Sunday, April 19, 2009

Psychiatry on Broadway

The world is so weird. This morning, I looked out my back window and wondered if the neighbor behind me was pregnant. You can't really ask someone this-- it could just be 15 unwanted pounds, kind of concentrated in one place. I went to her Facebook page, and there was a comment on her wall, "Congratulations on the Pregnancy!" Okay, so it's official.

So today's New York Times mental health Shrink-Rappable article comes from the Arts & Leisure section. Patricia Cohen writes in "Mental Health, the Musical, Aims for Truth" about Broadway plays where mental illness is the focus of attention. She talks about a new Broadway play, Next to Normal, as well as about Proof and Equus. Cohen writes:

Mental illness on the stage and screen is often portrayed in extreme ways, and not just for dramatic effect. In Western culture psychic pain has tended to be seen as the territory of the artist, visionary, rebel and genius, from Emily Dickinson to Sylvia Plath and Friedrich Nietzsche to John Forbes Nash Jr. So it should be no surprise that madness is often used to signify creativity, sensitivity or spiritual and intellectual depth.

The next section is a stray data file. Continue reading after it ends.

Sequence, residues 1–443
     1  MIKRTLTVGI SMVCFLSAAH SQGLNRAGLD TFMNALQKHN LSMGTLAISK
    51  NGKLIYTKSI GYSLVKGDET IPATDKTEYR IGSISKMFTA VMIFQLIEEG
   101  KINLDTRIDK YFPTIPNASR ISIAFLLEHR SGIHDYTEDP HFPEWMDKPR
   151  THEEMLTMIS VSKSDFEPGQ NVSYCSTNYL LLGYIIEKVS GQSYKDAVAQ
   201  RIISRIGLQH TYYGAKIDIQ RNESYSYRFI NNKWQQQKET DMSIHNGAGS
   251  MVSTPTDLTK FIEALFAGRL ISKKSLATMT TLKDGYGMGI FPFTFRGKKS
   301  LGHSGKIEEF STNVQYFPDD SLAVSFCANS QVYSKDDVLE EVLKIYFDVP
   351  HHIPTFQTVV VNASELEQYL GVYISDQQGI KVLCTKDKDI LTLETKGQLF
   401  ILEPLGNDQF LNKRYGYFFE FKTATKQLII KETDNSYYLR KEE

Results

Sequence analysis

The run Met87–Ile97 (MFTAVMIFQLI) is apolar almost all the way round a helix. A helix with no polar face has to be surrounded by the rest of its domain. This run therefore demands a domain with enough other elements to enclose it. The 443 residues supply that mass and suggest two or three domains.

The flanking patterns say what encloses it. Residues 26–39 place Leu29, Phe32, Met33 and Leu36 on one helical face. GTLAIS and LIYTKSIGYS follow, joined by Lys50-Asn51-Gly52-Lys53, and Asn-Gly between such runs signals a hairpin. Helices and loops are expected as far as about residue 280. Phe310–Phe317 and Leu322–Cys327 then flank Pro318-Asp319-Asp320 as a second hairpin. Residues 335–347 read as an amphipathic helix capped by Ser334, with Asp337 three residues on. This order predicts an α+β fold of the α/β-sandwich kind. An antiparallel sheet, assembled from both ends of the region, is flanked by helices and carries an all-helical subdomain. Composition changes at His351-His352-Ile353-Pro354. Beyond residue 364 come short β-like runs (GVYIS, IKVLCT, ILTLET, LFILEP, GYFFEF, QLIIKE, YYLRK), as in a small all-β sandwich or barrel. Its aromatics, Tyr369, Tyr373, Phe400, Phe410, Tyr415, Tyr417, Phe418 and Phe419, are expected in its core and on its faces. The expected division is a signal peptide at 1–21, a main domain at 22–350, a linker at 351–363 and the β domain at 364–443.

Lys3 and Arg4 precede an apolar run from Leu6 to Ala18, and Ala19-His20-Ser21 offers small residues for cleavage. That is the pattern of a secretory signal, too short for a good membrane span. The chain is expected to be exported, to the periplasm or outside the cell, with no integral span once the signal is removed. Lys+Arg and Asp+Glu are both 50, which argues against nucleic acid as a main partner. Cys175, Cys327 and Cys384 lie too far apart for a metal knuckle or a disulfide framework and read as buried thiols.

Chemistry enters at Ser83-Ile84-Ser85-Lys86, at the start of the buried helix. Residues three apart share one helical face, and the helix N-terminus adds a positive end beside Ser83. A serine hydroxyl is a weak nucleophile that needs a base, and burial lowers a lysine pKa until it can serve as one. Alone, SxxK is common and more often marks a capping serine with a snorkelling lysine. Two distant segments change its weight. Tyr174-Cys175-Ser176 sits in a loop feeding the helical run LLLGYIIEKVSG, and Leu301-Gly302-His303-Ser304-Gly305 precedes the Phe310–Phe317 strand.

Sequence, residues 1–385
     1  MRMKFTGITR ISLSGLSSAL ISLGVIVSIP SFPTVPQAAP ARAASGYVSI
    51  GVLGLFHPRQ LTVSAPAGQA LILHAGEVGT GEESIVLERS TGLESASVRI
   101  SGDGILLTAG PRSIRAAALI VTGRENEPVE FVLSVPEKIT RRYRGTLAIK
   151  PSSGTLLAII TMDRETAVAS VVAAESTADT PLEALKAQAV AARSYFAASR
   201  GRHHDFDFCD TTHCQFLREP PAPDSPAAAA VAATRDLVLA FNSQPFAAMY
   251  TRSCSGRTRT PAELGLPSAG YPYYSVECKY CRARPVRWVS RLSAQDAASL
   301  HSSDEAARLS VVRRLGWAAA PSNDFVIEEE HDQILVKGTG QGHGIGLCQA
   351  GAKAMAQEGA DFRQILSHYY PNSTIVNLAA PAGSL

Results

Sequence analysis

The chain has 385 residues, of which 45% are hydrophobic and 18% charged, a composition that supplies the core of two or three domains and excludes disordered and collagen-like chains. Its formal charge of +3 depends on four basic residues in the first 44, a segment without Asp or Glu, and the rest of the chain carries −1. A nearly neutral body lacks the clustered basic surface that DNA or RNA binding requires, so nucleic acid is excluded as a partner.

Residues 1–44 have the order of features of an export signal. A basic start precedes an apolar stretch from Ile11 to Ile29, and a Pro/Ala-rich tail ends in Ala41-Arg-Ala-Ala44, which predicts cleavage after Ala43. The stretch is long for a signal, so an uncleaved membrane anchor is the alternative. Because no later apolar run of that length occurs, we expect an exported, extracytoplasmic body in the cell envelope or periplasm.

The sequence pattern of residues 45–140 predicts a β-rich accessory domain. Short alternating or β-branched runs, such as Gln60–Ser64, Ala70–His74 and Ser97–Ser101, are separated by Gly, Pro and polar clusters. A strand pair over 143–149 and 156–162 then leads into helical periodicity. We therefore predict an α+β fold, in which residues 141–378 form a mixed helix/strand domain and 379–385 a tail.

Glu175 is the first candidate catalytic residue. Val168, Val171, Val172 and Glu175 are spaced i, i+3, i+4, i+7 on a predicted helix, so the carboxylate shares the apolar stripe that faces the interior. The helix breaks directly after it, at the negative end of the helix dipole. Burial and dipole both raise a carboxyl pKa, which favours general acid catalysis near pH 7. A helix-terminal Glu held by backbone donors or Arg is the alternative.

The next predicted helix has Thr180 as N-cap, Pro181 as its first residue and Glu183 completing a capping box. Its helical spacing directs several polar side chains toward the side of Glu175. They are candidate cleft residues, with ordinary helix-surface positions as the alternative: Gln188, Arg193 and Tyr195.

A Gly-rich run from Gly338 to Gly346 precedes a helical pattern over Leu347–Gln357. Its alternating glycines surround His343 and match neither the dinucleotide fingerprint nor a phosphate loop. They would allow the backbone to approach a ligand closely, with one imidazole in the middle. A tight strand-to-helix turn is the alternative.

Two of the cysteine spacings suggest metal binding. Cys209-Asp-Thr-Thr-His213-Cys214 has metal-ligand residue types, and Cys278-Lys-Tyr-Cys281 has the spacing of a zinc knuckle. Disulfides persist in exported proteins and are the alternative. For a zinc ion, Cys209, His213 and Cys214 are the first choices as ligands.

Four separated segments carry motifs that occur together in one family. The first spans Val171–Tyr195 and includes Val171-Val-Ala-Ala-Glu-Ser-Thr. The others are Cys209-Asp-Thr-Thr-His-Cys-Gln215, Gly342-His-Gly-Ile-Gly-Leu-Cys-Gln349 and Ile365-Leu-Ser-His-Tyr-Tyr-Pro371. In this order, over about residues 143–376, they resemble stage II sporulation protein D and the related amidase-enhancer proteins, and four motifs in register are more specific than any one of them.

She goes on to write:

The musical now presents a much more subtle and complex view of psychotherapy. In “My Psychopharmacologist and I,” Diana catalogs the side effects of her drugs — nausea, drowsiness, sexual dysfunction, headaches, seizures — until she finally says, “I don’t feel anything.”

The doctor pronounces, “Patient stable.”

Will I see it? No...sounds too much like going to the office.